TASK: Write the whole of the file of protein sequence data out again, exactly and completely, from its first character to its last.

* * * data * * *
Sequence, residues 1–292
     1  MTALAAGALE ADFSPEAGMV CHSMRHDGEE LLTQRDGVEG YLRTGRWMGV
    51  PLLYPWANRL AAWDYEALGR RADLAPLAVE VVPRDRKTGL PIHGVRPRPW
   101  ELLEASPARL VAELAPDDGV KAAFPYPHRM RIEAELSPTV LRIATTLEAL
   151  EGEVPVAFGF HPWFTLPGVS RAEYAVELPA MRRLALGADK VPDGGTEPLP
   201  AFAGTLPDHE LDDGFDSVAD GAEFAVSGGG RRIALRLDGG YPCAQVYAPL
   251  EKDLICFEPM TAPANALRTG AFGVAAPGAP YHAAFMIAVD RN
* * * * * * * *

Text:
Sequence, residues 1–292
     1  MTALAAGALE ADFSPEAGMV CHSMRHDGEE LLTQRDGVEG YLRTGRWMGV
    51  PLLYPWANRL AAWDYEALGR RADLAPLAVE VVPRDRKTGL PIHGVRPRPW
   101  ELLEASPARL VAELAPDDGV KAAFPYPHRM RIEAELSPTV LRIATTLEAL
   151  EGEVPVAFGF HPWFTLPGVS RAEYAVELPA MRRLALGADK VPDGGTEPLP
   201  AFAGTLPDHE LDDGFDSVAD GAEFAVSGGG RRIALRLDGG YPCAQVYAPL
   251  EKDLICFEPM TAPANALRTG AFGVAAPGAP YHAAFMIAVD RN